Updated February 5, 2024
Over the past year, Trinity Church Wall Street has continued to increase our philanthropic support for work that advances equity and justice. We have nearly quadrupled our annual giving since 2019—from $16 million to $61 million—and in 2023 we distributed $37.7 million in grants to 205 organizations that advance our efforts to build organizational capacity, care for our community, and bring people together.
As the aftershocks of the COVID-19 pandemic reverberate, we have prioritized our investment in young people, both in our city and in other areas of the world. In New York, Trinity grants helped house 185 young people and surround them with the appropriate care. We also supported 1,500 young people with community violence interruption services to help keep them safe and provided 1,200 young people with political education to grow their leadership abilities. Across the Anglican Communion in Africa, construction projects helped educate 302 students in 2023.
Trinity continues to support New Yorkers impacted by the criminal legal system, prioritizing compassion, and redemption as we seek to heal the world around us. A cohort of grantees we support in partnership with the Mother Cabrini Health Foundation provided housing and supportive services to over 300 women and their families. Grantees like Community Voices Heard and the Fortune Society played leading roles in the Fair Chance for Housing campaign, successfully influencing the New York City Council to enact legislation to ensure that the 750,000 New Yorkers who have a criminal record are not excluded from renting apartments.
We renewed our commitment to asylum seekers arriving in New York City, following the gospel edict to welcome the stranger with five grants in 2023, bringing Trinity’s financial contribution to this work to close to $3 million. The asylum seeker crisis has led to record-high shelter populations, straining the city’s social safety systems. In response, we joined the New York Shelter for All in Need Equally (SANE) coalition, demanding that all those in New York who need shelter—asylum seekers or native New Yorkers—are treated with dignity and compassion.
Trinity Church is committed to investing in training and capacity building. Our Leadership Development initiative welcomed its second class of Trinity Leadership Fellows, and the Mission Real Estate Development initiative hosted 47 Anglican leaders across Africa for a workshop in Dodoma, Tanzania.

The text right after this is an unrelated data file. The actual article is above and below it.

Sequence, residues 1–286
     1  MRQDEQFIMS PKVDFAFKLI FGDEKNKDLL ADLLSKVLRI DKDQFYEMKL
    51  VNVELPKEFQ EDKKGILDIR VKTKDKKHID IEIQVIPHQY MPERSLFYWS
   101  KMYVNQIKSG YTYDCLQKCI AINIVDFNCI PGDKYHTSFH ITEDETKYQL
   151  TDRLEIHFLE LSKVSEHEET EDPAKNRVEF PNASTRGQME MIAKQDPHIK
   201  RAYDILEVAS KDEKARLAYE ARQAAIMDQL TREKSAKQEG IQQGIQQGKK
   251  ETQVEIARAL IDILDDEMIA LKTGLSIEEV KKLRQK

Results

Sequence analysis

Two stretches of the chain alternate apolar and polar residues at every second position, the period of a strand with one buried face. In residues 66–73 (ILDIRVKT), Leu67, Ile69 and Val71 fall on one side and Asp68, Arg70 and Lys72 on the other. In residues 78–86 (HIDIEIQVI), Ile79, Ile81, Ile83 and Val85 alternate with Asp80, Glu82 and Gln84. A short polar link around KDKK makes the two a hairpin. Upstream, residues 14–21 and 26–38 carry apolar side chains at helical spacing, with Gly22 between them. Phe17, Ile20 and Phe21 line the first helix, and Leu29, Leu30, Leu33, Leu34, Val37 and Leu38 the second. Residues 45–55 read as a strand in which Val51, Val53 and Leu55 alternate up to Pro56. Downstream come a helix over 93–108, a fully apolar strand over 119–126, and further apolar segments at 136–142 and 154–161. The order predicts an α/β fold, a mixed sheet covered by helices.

We continued to offer capacity-building opportunities to our grantees, working with the Nonprofit Finance Fund (NFF) to help them manage financial challenges, and with F.Y. Eye to design campaigns that helped them better reach prospective clients and advocate for systemic solutions. In addition to those proactive offerings, we provided over $600,000 to support existing grantees with projects related to strategic planning, communications, technology, workplace equity, and employee wellness.
We also supported our grantees in training others: Pride in the Pews successfully launched its cohort program to strengthen the conflict transformation skills of clergy in Black churches, with a special focus on allies of LGBTQ Christians. In a similar vein, the Restorative Justice-Intimate Partner Violence collaborative supported by our Racial Justice initiative trained over 50 staff members from various organizations on restorative practices.
Trinity used its unique ability to convene to engage in a variety of thought leadership programs aimed at helping our grantees connect and connect the dots. In the spring, the Racial Justice initiative convened all of its grantees for the first time since 2019 for an afternoon of healing and reflection grounded in restorative justice practices. In the fall, the Housing and Homelessness initiative took on the impact of homelessness on mental health (alongside Trinity’s Neighborhood Support division) and the potential impact of technology on housing. We also teamed up with Robin Hood and the Carroll and Milton Petrie Foundation to shine a spotlight on CUNY students struggling to make ends meet.
We also know that people in the nonprofit sector themselves continue to struggle with burnout. That is why we hosted two grantee retreats at the Trinity Retreat Center, inviting individuals to experience rest and renewal over a few days in West Cornwall, CT. Our Who Keeps the Keeper program took this a step further, arming an inaugural cohort of 24 with tools and techniques for self-care.
As our strategic initiatives reach the five-year mark, it is rewarding to see the impact of our grants, our grantee support, and how all our voices build upon each other. We are deeply grateful to all the people who make this happen, from dioceses in Kenya to nonprofits anchored in our neighborhood. Thank you for your work and your partnership.